Counseling about side effects associated with positive outcomes

Canto De


, Contraception, 2001



Sex Repro Health, 2007

Dehlendorf, Contraception, 2013

Yee, JHCPU, 2011Slide34

Experiences of Contraceptive Counseling

“I think that they hide the fact of the complications or the defects, the things that might happen if you take that. They don’t give you that information and I don’t think any provider has given me that information


Dehlendorf, Contraception, 2013Slide35

Address Patient’s ConcernsKnow the evidence about which side effects have in fact are proven to be associated with methodsProactively address patient concerns about other side effects in a respectful manner

“That’s too bad your friend had that experience. I haven’t heard of that before, and I can tell you it definitely doesn’t happen frequently. My guess is that if you were to use this method it would not happen to you.”Slide36

Once a Method is Chosen….Provide opportunity to ask questions Done in less than 50% of all counseling visits

Discuss what to do if not satisfied with method (contingency counseling)Only

done in 65% of


Facilitate actually receiving chosen method

Ensure that discontinuation is discussed when implant or IUC chosen

Dehlendorf, unpublished data






, 1989Slide37

Shared Decision MakingEstablish rapportElicit patient preferences with direct questioningProvide context about optionsProvide scaffolding for decision making process

Include adequate information about side effects, effectiveness and logistics of method useEnsure access to chosen method and discuss discontinuation Slide38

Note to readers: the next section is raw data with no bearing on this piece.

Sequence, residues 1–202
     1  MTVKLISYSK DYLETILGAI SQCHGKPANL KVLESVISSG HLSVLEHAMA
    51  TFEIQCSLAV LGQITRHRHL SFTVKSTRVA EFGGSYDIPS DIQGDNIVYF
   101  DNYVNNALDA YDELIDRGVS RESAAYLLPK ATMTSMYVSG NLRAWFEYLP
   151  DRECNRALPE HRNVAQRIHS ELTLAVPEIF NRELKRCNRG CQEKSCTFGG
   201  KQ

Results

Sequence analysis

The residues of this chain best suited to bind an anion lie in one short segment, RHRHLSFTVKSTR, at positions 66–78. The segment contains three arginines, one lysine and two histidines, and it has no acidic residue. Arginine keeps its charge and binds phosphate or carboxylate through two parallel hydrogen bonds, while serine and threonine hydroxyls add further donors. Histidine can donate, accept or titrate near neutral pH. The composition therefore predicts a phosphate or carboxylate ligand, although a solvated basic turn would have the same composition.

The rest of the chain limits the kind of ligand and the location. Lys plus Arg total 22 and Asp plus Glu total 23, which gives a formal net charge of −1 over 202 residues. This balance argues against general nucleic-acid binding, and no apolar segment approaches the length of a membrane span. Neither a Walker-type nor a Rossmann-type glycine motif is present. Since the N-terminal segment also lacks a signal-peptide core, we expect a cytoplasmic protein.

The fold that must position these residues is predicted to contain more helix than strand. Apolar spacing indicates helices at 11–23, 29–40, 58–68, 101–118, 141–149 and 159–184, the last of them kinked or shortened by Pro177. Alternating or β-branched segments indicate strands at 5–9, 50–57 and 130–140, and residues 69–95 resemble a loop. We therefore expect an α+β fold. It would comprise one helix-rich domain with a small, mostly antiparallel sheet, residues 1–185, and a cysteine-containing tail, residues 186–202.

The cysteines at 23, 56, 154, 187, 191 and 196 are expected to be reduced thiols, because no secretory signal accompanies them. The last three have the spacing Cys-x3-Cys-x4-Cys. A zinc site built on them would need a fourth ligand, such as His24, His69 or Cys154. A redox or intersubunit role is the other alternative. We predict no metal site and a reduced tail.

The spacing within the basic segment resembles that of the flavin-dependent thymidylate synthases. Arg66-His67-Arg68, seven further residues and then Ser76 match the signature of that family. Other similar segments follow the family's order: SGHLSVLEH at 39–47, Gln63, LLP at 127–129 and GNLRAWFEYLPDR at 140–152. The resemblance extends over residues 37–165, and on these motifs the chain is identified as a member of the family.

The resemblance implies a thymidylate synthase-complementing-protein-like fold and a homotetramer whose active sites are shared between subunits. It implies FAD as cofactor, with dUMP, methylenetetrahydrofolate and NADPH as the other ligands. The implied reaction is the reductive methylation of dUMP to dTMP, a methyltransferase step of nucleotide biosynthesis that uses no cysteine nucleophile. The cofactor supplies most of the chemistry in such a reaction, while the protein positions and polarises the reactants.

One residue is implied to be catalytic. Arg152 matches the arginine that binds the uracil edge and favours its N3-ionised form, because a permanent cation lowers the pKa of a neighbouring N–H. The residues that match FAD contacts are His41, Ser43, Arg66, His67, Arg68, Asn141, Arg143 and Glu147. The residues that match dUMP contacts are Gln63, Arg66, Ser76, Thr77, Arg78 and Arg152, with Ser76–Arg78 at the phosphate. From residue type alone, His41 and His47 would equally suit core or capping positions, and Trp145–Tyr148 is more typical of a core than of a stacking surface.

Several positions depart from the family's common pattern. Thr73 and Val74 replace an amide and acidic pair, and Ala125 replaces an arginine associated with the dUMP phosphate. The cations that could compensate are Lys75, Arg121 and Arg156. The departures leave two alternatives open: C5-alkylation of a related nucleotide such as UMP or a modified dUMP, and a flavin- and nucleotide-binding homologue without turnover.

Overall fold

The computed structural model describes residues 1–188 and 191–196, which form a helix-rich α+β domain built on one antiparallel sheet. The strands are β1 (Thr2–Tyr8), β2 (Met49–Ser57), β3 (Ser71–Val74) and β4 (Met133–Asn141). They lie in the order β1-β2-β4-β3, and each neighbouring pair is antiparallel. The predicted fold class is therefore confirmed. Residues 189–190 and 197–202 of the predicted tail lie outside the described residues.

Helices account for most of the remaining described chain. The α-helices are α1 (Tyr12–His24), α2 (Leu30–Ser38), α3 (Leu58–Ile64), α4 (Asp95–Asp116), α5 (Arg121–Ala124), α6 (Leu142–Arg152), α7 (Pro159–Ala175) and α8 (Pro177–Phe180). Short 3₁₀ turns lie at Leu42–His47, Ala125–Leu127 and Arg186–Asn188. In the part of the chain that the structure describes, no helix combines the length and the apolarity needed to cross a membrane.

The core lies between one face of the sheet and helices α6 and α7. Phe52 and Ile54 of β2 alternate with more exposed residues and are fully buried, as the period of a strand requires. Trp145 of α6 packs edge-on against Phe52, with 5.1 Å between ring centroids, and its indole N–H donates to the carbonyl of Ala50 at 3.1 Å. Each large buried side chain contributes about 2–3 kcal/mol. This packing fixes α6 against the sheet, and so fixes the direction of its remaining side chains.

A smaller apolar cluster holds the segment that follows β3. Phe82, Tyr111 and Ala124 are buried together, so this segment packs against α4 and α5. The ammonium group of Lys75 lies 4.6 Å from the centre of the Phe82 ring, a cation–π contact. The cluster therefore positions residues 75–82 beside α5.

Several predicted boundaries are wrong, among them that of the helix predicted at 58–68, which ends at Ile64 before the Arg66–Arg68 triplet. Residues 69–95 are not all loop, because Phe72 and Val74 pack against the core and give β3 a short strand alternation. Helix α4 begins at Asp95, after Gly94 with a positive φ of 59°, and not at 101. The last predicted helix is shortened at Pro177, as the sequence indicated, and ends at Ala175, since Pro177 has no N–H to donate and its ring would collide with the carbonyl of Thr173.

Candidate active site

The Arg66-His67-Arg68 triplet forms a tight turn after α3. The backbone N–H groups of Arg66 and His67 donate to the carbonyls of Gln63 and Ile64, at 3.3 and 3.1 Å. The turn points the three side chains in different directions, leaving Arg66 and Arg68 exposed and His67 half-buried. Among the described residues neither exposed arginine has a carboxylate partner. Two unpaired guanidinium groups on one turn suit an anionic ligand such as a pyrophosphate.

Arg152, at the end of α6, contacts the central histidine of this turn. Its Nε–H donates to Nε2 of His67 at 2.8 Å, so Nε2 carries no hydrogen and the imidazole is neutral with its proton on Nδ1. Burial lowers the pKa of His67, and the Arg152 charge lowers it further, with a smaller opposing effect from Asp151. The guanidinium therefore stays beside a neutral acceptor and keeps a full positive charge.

Part 2Slide40

Role-Playing2 volunteers: 1 student will be the healthcare provider, and 1 student will be the patient.The patient is a woman presenting to the clinic seeking to discuss and initiate contraception. She has not used contraception before.

Using the information presented about shared decision-making, act out a healthcare encounter in which the healthcare provider applies the shared decision-making model to this contraceptive counseling visit. Slide41

Review Role Playing ExperienceWhat aspects of this exercise were challenging or frustrating? Did it go as you expected? What did you like about it?

How was it different or similar to patient encounters you’ve had previously?Slide42

My Birth ControliPad tool designed to facilitate shared decision makingProvides women with information about their options, focusing on:EffectivenessHow methods are takenHow often methods are taken

Side effects and benefitsReturn to fertilitySlide43

My Birth ControlPreference elicitation exercise Identification of methods that are consistent with preferences across different dimensionsOpportunity to ask questions and indicate which methods wish to discuss with providerPrintout of preferences, contraindications, questions, methods of interestSlide44

My Birth ControlCan use printout to make counseling more efficientKnow patients have had opportunity to be informed about optionsHave information about preferences and places they may be discordantCan dive into iterative process of considering optionsSlide45

Part 3Slide46

Case-based LearningSlide47

Case 1A 21 yo G0P0 presents to the family planning clinic requesting Depo-Provera for contraception. She has never used contraception before, but is considering becoming sexually active soon and wishes to initiate a new contraceptive method. Her friends use “the shot” and she thinks she would like this method. How would you counsel this patient?Slide48

Case 1: Learning PointsShould always start by acknowledging patient preferences  Elicit rationale for preference in order to:

Evaluate whether it is an informed choice by assessing patient’s preferencesIdentify other possible appropriate methodsAsk

the patient for permission to discuss other methods of contraception that align with stated

preferences Slide49